Liberia elections: Run-off vote set for December 26

The poll, delayed for weeks, pits former international footballer George Weah against Vice President Joseph Boakai.

    Weah casts his ballot in Liberia's capital, Monrovia, in the October election [File: Thierry Gouegnon/Reuters]
    Weah casts his ballot in Liberia's capital, Monrovia, in the October election [File: Thierry Gouegnon/Reuters]

    Liberia will hold a delayed presidential run-off vote on December 26, electoral officials have said.

    Tthe National Elections Commission (NEC) made the announcement in a press briefing on Tuesday, saying official campaigning must end by December 24.

    "We call on the two political parties in the run-off election ... to go about their campaign in a peaceful manner," said Jerome Korkoya, NEC chairman.

    A run-off was originally scheduled for last month between George Weah, an international football star-turned-politician, and Vice President Joseph Boakai.

    The two presidential candidates ranked first and second respectively in the first round on October 10.

    However, neither 51-year-old Weah, of the Coalition for Democratic Change, nor 73-year-old Boakai, of the ruling Unity Party, scored more than the 50 percent needed to win outright.

    Read our interview with Jewel Howard-Taylor, Weah's running mate and ex-wife of Charles Taylor, a former Liberian president serving a 50-year prison sentence for crimes against humanity, here.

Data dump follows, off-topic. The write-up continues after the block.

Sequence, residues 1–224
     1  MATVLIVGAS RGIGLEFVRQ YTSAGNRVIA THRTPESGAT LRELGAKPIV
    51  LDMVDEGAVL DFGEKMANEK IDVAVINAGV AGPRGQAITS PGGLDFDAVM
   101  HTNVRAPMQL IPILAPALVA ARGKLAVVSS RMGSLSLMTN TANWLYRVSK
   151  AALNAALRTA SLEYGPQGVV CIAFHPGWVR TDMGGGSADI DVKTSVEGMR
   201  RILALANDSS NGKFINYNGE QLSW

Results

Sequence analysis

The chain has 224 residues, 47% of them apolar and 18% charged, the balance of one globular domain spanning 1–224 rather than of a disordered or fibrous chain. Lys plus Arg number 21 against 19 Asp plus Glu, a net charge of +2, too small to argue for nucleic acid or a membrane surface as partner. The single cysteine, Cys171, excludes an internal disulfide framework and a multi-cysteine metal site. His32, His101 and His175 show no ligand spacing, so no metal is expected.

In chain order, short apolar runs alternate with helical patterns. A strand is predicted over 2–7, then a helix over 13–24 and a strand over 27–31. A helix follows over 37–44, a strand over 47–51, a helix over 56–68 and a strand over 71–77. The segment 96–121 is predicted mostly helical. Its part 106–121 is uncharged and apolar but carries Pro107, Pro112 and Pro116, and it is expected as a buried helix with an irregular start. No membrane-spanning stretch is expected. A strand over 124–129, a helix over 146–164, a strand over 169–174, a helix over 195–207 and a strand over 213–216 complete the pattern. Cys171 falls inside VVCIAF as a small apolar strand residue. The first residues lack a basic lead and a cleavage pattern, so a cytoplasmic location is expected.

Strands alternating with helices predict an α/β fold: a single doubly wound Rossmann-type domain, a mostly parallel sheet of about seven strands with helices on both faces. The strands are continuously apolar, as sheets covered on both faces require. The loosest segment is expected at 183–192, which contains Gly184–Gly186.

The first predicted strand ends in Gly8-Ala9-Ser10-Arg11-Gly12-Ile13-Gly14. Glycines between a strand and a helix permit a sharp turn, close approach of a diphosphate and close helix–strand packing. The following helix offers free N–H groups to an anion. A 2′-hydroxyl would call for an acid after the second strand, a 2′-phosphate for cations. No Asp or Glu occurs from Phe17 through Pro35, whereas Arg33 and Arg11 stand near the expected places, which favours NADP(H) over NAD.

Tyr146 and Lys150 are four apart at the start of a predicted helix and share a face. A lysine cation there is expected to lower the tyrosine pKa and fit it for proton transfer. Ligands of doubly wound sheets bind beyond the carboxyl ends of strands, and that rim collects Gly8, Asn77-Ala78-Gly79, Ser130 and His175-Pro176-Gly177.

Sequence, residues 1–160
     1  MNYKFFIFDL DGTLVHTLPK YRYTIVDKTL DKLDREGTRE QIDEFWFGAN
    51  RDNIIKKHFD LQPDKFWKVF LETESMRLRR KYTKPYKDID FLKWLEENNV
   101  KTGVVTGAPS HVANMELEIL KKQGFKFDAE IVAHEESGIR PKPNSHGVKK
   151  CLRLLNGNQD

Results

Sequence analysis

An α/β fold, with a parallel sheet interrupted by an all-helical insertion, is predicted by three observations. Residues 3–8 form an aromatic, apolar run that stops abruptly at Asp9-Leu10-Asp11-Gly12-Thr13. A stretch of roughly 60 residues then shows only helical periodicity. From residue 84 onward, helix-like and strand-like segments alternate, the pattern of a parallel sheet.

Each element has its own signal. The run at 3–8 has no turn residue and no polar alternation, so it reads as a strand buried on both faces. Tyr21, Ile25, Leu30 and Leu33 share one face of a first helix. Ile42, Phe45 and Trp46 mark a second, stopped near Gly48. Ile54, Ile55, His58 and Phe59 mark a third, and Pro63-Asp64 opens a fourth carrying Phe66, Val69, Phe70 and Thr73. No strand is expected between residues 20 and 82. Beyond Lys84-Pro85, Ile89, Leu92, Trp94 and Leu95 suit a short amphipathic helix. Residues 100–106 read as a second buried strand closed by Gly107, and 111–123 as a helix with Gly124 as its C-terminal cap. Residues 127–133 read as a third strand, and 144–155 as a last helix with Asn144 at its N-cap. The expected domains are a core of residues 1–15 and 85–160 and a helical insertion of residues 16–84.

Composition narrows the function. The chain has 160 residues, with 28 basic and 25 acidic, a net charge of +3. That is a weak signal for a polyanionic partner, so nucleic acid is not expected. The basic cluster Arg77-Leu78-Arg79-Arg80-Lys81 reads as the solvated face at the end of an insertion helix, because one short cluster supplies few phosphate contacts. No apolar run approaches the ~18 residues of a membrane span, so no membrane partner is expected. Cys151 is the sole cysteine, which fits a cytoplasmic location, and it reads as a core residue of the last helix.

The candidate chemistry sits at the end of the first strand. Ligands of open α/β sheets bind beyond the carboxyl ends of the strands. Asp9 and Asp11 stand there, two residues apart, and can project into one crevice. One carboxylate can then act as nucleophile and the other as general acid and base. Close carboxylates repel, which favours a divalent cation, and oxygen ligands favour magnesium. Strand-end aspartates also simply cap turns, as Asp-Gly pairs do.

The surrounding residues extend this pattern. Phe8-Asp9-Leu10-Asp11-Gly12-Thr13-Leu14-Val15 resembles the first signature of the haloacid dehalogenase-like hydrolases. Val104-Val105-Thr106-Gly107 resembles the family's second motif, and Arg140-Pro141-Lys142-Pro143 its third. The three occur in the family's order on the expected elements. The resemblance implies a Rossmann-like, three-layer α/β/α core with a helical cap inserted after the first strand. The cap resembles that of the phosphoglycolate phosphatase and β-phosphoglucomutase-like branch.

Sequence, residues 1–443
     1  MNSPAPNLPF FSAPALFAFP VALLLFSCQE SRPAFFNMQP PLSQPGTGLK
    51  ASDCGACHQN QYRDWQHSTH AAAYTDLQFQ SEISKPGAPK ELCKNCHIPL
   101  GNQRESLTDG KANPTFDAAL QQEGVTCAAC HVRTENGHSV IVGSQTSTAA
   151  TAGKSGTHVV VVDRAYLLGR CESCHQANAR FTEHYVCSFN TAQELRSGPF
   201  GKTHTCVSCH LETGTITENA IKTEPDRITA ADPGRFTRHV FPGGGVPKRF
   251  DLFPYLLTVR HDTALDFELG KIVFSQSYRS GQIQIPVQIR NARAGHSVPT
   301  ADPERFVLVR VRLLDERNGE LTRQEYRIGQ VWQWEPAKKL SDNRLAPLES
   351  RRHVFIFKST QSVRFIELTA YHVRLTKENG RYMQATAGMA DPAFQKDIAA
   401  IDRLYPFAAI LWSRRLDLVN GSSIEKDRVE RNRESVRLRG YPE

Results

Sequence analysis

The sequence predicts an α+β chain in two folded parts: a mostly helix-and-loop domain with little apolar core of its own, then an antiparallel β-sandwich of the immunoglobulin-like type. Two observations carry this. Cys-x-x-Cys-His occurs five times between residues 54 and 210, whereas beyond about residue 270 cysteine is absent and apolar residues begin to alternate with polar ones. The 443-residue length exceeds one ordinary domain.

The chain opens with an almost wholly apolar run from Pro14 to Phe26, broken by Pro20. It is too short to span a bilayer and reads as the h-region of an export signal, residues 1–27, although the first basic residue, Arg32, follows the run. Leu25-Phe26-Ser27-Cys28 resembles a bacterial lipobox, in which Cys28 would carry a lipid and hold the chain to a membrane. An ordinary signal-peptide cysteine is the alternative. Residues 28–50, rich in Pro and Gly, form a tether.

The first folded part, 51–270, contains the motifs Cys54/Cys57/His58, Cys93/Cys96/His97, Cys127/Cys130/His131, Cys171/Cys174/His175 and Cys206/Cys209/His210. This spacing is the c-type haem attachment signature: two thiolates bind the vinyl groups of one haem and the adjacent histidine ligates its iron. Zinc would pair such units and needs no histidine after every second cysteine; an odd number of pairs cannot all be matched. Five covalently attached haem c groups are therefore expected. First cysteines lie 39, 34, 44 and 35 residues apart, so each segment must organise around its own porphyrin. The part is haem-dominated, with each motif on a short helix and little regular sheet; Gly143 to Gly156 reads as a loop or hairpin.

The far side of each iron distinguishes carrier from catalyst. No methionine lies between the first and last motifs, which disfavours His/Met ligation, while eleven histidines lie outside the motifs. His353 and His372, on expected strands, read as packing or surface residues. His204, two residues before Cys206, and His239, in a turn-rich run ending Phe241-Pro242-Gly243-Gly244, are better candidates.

On November 6, a day before the scheduled poll, Liberia's Supreme Court said the election would not go ahead until a legal challenge, alleging voter fraud and irregularities by the third-placed Liberty Party, was resolved.

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    Liberty Party was calling for a re-run of the first round, but its complaint was dismissed last week by the country's top court.

    The winner of the December 26 poll will succeed President Ellen Johnson Sirleaf, Africa's first elected head of state who is stepping down after 12 years in office.

    If the run-off goes smoothly, it will result in the first peaceful handover of power from one democratically elected leader to another in 73 years.

    In 2011, Sirleaf was a joint recipient of the Nobel Peace Prize for her "non-violent struggle for the safety of women and for women's rights to full participation in peace-building work" in the wake of Liberia's bloody 14-year civil war, which ended in 2003.

    She has made it clear that she wishes to hand over power to a democratically elected president when her time in office comes to an end on January 15, 2018. 

    Boakai is the presidential candidate of the ruling Unity Party [File: Thierry Gouegnon/Reuters]

    SOURCE: Al Jazeera News


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